The Emmy Race: Katherine Heigl Drops Out

Heigl: Not this year.
Heigl: Not this year. (Chris Weeks - AP)
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By Lisa de Moraes
Thursday, June 12, 2008

In about a month, when nominations are announced for this year's Primetime Emmy Awards, last year's drama-series actress winner, Katherine Heigl of "Grey's Anatomy," won't be among them.

That's because she took herself out of contention this year, she told Mr. All Things Trophy Show, Tom O'Neil.

O'Neil, who wrote the definitive book on the Emmys, appropriately titled "The Emmys," and who writes for the Los Angeles Times', gets the ballots that list all the contenders for Primetime Emmy nominations. He noticed Heigl's name was missing. He investigated.

She responded via an intermediary with a statement: "I did not feel that I was given the material this season to warrant an Emmy nomination and in an effort to maintain the integrity of the academy organization, I withdrew my name from contention."

No, she's not kidding. And yes, there is more:

"In addition, I did not want to potentially take away an opportunity from an actress who was given such materials," Heigl continued, turning the knife in the gullet of "Grey's" Executive Producer Shonda Rhimes. Apparently Heigl did not think much of that whole save-the-deer, save-the-world story line she was given at the start of the 2007-08 TV season.

Interestingly, Heigl was advised last year -- by her own manager/mother -- she "didn't have a shot in hell of winning," as Heigl made a point of telling the Primetime Emmy Awards audience when she picked up her trophy.

And yet, she went ahead and threw her hat into the ring. And we're thrilled she did, as her on-camera reaction to her win gave the FCC, Parents Television Council, et al., the unprecedented opportunity to mull whether it constitutes a fineable offense when an actor mouths -- but doesn't audibly say -- one of those naughty words that have caused this great country of ours to become the open cesspool it is.

This has replaced the old "if a tree falls in the woods but no one hears it, did it make a sound" debate:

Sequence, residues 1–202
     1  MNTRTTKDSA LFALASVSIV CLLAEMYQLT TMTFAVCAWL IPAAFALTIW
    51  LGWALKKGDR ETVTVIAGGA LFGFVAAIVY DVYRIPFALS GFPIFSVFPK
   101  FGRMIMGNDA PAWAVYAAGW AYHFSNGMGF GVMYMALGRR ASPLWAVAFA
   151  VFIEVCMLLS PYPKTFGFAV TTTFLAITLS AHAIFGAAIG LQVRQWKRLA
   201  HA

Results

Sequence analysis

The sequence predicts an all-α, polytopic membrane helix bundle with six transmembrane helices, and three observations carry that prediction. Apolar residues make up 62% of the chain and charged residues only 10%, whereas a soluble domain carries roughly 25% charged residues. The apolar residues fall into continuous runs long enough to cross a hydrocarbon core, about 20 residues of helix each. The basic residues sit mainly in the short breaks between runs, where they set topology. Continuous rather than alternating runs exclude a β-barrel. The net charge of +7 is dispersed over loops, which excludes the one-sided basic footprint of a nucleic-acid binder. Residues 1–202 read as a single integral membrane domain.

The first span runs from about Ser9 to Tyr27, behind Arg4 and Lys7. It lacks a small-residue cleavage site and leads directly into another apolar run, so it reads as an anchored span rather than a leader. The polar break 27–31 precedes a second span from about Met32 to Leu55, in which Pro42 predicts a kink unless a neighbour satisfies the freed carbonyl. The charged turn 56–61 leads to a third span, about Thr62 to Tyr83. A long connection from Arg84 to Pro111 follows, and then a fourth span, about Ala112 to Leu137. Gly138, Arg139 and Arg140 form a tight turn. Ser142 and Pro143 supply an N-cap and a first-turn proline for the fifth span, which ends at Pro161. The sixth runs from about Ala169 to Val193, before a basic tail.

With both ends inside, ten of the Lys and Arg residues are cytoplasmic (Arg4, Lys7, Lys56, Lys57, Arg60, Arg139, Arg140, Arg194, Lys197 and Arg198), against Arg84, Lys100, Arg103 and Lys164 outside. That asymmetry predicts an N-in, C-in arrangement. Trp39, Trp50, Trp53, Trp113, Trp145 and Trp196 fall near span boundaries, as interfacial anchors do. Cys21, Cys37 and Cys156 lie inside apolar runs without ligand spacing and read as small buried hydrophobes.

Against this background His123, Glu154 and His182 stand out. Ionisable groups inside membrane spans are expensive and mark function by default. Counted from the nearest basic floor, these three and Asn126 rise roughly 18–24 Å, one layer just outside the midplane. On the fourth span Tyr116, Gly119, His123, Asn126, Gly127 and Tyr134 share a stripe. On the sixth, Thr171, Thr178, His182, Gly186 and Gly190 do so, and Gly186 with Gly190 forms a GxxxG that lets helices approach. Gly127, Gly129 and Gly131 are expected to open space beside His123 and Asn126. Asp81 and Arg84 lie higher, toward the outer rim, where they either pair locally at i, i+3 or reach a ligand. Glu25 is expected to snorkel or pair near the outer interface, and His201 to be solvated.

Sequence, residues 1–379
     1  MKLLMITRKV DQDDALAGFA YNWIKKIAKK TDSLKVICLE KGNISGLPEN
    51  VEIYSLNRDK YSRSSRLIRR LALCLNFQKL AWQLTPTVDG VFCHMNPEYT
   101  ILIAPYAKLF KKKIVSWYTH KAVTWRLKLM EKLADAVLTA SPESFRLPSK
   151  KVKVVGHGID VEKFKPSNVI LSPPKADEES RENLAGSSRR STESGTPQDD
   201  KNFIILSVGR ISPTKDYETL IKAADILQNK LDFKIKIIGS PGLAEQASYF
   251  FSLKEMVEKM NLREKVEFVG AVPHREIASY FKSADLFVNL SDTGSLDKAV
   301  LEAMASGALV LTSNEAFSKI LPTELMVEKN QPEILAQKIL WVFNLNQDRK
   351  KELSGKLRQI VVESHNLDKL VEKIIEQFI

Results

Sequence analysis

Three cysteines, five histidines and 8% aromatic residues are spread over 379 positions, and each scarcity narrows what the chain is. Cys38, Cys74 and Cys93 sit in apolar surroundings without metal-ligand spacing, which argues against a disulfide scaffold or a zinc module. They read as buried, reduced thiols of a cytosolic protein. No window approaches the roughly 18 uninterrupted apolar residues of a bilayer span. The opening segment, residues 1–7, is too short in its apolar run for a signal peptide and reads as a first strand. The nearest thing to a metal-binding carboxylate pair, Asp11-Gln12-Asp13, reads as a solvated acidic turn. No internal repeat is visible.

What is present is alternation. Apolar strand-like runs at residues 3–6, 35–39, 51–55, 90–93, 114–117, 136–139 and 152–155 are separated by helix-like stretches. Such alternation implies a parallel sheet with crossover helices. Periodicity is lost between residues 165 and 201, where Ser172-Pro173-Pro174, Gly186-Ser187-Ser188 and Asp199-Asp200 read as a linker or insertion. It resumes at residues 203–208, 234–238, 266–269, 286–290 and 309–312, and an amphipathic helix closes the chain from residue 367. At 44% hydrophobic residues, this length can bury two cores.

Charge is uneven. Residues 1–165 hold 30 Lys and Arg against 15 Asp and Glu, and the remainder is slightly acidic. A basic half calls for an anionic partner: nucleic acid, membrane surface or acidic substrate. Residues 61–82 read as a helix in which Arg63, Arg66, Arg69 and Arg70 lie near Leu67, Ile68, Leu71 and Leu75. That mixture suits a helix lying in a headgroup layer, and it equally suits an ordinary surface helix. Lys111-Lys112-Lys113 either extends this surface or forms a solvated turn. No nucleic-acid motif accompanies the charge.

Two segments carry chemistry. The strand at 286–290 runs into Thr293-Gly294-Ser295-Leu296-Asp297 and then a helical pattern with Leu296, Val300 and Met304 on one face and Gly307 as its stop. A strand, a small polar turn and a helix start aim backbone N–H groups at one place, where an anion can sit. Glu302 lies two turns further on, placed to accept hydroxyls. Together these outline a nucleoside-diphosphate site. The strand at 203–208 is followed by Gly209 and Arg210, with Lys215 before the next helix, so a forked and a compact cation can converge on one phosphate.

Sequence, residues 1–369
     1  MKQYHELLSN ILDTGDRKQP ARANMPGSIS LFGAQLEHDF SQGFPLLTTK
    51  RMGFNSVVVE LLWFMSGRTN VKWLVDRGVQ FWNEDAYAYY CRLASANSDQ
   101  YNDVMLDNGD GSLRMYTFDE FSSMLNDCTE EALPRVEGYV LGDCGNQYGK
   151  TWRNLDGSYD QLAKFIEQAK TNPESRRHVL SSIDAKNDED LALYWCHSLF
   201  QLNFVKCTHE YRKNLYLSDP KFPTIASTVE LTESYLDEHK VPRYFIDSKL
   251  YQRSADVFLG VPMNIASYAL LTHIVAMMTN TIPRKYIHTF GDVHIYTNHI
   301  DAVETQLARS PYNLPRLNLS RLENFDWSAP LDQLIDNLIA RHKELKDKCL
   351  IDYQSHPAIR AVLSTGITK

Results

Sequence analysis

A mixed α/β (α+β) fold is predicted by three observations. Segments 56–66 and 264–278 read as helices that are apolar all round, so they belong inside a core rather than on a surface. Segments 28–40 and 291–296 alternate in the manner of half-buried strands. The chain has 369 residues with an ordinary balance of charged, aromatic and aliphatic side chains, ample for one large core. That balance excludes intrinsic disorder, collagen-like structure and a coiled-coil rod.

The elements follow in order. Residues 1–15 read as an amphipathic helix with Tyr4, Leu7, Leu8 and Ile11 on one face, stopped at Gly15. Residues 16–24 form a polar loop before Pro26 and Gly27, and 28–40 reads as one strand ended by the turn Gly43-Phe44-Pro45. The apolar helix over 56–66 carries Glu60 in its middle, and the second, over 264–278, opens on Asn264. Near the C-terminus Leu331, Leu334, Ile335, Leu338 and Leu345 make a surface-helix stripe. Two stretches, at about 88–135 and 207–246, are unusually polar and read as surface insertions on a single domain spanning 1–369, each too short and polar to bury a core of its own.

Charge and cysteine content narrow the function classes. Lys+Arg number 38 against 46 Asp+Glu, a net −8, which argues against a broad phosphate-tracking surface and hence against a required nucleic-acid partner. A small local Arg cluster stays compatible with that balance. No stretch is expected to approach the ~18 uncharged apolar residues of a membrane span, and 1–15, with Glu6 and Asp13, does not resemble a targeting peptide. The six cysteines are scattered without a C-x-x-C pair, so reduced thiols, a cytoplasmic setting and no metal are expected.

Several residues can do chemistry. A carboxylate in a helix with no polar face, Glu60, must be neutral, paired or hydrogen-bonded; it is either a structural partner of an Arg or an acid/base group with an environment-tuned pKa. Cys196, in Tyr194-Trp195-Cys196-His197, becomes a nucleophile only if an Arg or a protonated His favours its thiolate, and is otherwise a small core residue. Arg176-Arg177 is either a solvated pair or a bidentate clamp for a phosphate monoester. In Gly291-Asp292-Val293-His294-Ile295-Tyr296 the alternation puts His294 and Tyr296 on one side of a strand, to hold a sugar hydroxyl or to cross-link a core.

If an actress sitting in the audience at a trophy show says "oh, [expletive]!" in shocked response to hearing her name called out as a winner because her own mother/manager had told her there was no way she was going to win, but her reaction is not heard by the viewing public and the camera was not see-the-pores close up, did it really happen and can the TV stations that aired it be slapped with tens of thousands of dollars' worth of fines?

We hear students in "The Future Is 'Lost': Economic, Social and Technological Impact of a Cult Phenomenon" classes have been known to take a break and debate the Katherine Heigl Weltanschauung on casual Fridays.

Anyway, back to Heigl, who has a history of being extremely, some might say insufferably, honest about how bad is the material that has catapulted her to stardom and $6 million-a-flick paychecks.

Last December she told Vanity Fair "it was hard for me to love" the movie "Knocked Up" (which the mag credits with hurling her onto the A-list, demonstrating a stupendous lack of understanding of the role of television in pop culture today. But that's another story). She called the flick "a little sexist," saying it "paints women as shrews, as humorless and uptight" and that she "had a hard time with it" because she was "playing such a bitch."

"Why is this how you're portraying women?" she rhetorically asked the movie's screenwriters/director/producers/studio in the Vanity Fair piece.

Apparently she did not read the script before she agreed to take the role.

Sadly, this would have been an easy year for Heigl to repeat her Emmy win.

First, for all its "integrity," the Academy of Television Arts & Sciences tends, once it has named some thespian the industry's best fill-in-the-blank, to get a death grip on that actor and not let go until the person is embarrassed enough to withdraw his name from contention. John Larroquette did so after winning the Emmy for sitcom supporting actor four times; Candice Bergen likewise removed herself from the running after winning the sitcom-actress nod five times.

And, we think, Heigl's being too hard on herself. Kidding. But seriously, hardly any actor was given fabulous material this season. There wasn't time to warm up to serious material -- this season hardly got going before it was mowed down by the writers' strike.

© 2008 The Washington Post Company